"Netspeak" – the distinctive language that young people are using more and more to talk with each other on the Internet.

Purists should relax, a panel of experts declared at a recent symposium on "Language on the Internet" in Washington. This rapidly spreading digital dialect of English is doing more good than harm, they contended.

"The Internet is fostering new kinds of creativity through language," said David Crystal, a historian of language at the University of Wales in the United Kingdom. "It’s the beginning of a new stage in the evolution of the written language and a new motivation for child and adult literacy."

Netspeak is the language of computerized instant messages, Web logs (or "blogs"), chat rooms and other informal types of electronic communication. It also pops up in wireless jottings on hand-held devices such as BlackBerries and cell phones.

Some examples are "cu" for "see you," "bfn" for "bye for now" and "lol" for "laughing out loud." A popular feature is a colon followed by a space and a parenthesis to make a "smiley face" to brighten up a message – like this : ) – or a sad face like this : (. To give a hug, the writer types ((((name)))).

Critics object that Netspeak ignores or violates the usual rules of punctuation, capitalization and sentence structure. It’s peppered with strange abbreviations, acronyms and visual symbols. Its spelling can be, well, different.

Professional linguists say not to worry. They claim that Netspeak has become a third way – in addition to traditional speech and writing – for people to communicate with one another. It brings freshness and creativity to everyday English, they say. It’s even reviving the almost lost art of diary keeping.

"The Internet has permitted language to evolve a new medium of communication, different in fundamental respects from traditional conversational speech and from writing," Crystal said.

Even Netspeak enthusiasts acknowledge that young people need to learn how to speak and write proper English to get ahead in school, hold a job or write official documents.

"Children have to be taught about their language," Crystal said. "They have to learn about the importance of standard English as a medium of educated communication."

As it’s used on the Internet, Netspeak has some features of both spoken and written English. But even though it’s typed on a keyboard, scholars say it’s closer to how we talk than to how we write.

Like conversational speech, it uses short, back-and-forth statements, sometimes consisting of single words. Its vocabulary is relatively small. It’s relaxed about the rules of grammar. The smiley faces and other so-called "emoticons" help compensate for the lack of face-to-face contact.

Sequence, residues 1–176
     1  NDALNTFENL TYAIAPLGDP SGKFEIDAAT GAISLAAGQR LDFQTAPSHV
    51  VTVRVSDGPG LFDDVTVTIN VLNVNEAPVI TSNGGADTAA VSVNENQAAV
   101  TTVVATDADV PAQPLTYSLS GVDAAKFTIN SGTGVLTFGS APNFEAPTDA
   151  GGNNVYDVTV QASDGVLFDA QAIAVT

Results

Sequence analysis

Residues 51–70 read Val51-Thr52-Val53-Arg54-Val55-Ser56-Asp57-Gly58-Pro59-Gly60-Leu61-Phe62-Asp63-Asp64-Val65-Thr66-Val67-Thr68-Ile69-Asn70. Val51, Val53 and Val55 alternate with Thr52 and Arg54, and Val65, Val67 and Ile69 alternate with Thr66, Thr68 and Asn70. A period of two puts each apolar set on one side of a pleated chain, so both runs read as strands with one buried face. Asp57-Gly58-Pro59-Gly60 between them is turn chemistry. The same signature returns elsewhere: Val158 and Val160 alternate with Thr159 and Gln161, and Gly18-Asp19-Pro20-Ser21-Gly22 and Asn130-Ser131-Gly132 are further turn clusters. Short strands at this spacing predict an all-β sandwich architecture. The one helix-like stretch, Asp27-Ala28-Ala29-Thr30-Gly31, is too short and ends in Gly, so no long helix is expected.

Instant messaging, or IM, "looks more like speech than it does like writing," said Naomi Baron, a linguistics professor at American University in Washington who analyzed more than 2,100 such conversations at her university.

It’s become "a mainstay of online communication, especially among teenagers and young adults," she said. The exchanges often involved multiple partners at the same time, much like a group conversation in a room.

The college students Baron studied usually were doing something else – listening to music, watching TV, talking on the telephone, writing memos or letters on the computer – while they were exchanging instant messages.

Contrary to purists’ fears, only 171 of the 11,718 words she collected were misspelled – less than 2 percent. Unusual abbreviations and symbols were relatively rare. The most common was the letter "k" standing for "OK."

Another branch of Netspeak is blogs, periodic messages posted on the World Wide Web, usually with the latest entry on top. Blogs range from individual journals to accounts of presidential campaigns. Many of them allow visitors to leave comments, which can lead to a community of readers centered on the blog.

Blogs are "already providing evidence of a new genre of diary writing, which a few years ago was though to be dying out as a literary domain," Crystal said.

Crystal took issue with "prophets of doom" who complain that new technology is corrupting the language, as other critics did when printing was introduced in the 15th century, the telephone came along in the 19th century and broadcasting took off in the 20th. In fact, the Greek philosopher Plato said more than two millennia ago that talking was more important than writing.

Thanks to the Internet, the language’s "resources for the expression of informality in writing have hugely increased, something which hasn’t been seen in English since the Middle Ages, and which was largely lost when standard English came to be established in the 18th century," Crystal said.

"Rather than condemning it, we should be exulting in the fact that the Internet is allowing us to once more explore the power of the written language in a creative way," he added.

© 2005, Knight Ridder/Tribune Information Services.